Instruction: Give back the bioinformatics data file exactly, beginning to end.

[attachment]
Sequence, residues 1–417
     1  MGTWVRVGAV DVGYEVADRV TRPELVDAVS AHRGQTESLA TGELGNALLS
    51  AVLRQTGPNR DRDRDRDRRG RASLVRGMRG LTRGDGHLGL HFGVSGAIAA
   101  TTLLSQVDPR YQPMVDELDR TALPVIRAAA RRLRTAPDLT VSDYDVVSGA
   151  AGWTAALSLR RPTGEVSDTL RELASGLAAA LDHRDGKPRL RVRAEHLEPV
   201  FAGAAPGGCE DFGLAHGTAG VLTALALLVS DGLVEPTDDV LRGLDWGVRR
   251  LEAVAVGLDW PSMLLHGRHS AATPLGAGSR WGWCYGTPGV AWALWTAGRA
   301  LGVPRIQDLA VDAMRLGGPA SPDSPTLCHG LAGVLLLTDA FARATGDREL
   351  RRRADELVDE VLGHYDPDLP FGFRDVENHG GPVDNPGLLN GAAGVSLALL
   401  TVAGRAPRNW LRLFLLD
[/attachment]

Sequence, residues 1–417
     1  MGTWVRVGAV DVGYEVADRV TRPELVDAVS AHRGQTESLA TGELGNALLS
    51  AVLRQTGPNR DRDRDRDRRG RASLVRGMRG LTRGDGHLGL HFGVSGAIAA
   101  TTLLSQVDPR YQPMVDELDR TALPVIRAAA RRLRTAPDLT VSDYDVVSGA
   151  AGWTAALSLR RPTGEVSDTL RELASGLAAA LDHRDGKPRL RVRAEHLEPV
   201  FAGAAPGGCE DFGLAHGTAG VLTALALLVS DGLVEPTDDV LRGLDWGVRR
   251  LEAVAVGLDW PSMLLHGRHS AATPLGAGSR WGWCYGTPGV AWALWTAGRA
   301  LGVPRIQDLA VDAMRLGGPA SPDSPTLCHG LAGVLLLTDA FARATGDREL
   351  RRRADELVDE VLGHYDPDLP FGFRDVENHG GPVDNPGLLN GAAGVSLALL
   401  TVAGRAPRNW LRLFLLD